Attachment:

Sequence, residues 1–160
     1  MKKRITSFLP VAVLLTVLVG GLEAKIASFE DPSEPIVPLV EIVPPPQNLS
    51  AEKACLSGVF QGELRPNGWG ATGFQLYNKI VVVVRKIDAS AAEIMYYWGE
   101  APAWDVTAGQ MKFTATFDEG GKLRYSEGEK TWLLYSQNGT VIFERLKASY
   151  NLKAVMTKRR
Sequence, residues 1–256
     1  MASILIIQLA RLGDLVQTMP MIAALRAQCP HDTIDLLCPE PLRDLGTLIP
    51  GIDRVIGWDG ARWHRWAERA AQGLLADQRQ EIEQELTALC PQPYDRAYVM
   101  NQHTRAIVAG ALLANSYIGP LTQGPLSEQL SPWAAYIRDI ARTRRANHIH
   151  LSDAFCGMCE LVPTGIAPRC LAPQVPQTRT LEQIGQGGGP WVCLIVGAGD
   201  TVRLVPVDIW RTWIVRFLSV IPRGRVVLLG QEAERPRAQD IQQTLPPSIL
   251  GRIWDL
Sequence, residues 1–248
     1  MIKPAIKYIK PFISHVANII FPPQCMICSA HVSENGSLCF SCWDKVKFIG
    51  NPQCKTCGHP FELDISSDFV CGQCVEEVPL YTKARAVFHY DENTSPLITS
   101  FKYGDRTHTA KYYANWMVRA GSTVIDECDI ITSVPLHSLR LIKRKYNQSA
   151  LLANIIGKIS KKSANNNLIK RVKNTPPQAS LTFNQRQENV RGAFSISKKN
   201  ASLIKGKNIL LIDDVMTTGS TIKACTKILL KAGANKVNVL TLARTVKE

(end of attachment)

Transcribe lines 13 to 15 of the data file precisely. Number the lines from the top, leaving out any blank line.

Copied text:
Sequence, residues 1–248
     1  MIKPAIKYIK PFISHVANII FPPQCMICSA HVSENGSLCF SCWDKVKFIG
    51  NPQCKTCGHP FELDISSDFV CGQCVEEVPL YTKARAVFHY DENTSPLITS